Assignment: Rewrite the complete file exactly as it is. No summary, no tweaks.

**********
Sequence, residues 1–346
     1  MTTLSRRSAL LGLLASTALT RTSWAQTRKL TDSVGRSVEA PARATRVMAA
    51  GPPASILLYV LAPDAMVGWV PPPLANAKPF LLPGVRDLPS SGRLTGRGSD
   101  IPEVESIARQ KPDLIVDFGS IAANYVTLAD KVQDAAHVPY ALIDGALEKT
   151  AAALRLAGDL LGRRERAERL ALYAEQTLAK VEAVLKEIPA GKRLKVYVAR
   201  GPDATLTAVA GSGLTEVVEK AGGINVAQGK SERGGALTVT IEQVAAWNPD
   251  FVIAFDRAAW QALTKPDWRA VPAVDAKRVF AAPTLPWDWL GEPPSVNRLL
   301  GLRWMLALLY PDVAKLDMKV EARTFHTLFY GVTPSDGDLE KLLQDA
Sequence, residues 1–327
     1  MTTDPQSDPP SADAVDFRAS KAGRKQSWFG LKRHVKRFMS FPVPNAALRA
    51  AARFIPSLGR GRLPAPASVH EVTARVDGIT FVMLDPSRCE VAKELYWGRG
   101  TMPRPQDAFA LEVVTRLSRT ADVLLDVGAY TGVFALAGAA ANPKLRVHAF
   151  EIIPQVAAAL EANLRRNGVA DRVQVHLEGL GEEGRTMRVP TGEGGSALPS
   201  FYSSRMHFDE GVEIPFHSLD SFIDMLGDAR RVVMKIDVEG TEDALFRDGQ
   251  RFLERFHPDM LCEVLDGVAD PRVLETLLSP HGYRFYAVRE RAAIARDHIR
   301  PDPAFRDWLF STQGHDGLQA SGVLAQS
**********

Sequence, residues 1–346
     1  MTTLSRRSAL LGLLASTALT RTSWAQTRKL TDSVGRSVEA PARATRVMAA
    51  GPPASILLYV LAPDAMVGWV PPPLANAKPF LLPGVRDLPS SGRLTGRGSD
   101  IPEVESIARQ KPDLIVDFGS IAANYVTLAD KVQDAAHVPY ALIDGALEKT
   151  AAALRLAGDL LGRRERAERL ALYAEQTLAK VEAVLKEIPA GKRLKVYVAR
   201  GPDATLTAVA GSGLTEVVEK AGGINVAQGK SERGGALTVT IEQVAAWNPD
   251  FVIAFDRAAW QALTKPDWRA VPAVDAKRVF AAPTLPWDWL GEPPSVNRLL
   301  GLRWMLALLY PDVAKLDMKV EARTFHTLFY GVTPSDGDLE KLLQDA
Sequence, residues 1–327
     1  MTTDPQSDPP SADAVDFRAS KAGRKQSWFG LKRHVKRFMS FPVPNAALRA
    51  AARFIPSLGR GRLPAPASVH EVTARVDGIT FVMLDPSRCE VAKELYWGRG
   101  TMPRPQDAFA LEVVTRLSRT ADVLLDVGAY TGVFALAGAA ANPKLRVHAF
   151  EIIPQVAAAL EANLRRNGVA DRVQVHLEGL GEEGRTMRVP TGEGGSALPS
   201  FYSSRMHFDE GVEIPFHSLD SFIDMLGDAR RVVMKIDVEG TEDALFRDGQ
   251  RFLERFHPDM LCEVLDGVAD PRVLETLLSP HGYRFYAVRE RAAIARDHIR
   301  PDPAFRDWLF STQGHDGLQA SGVLAQS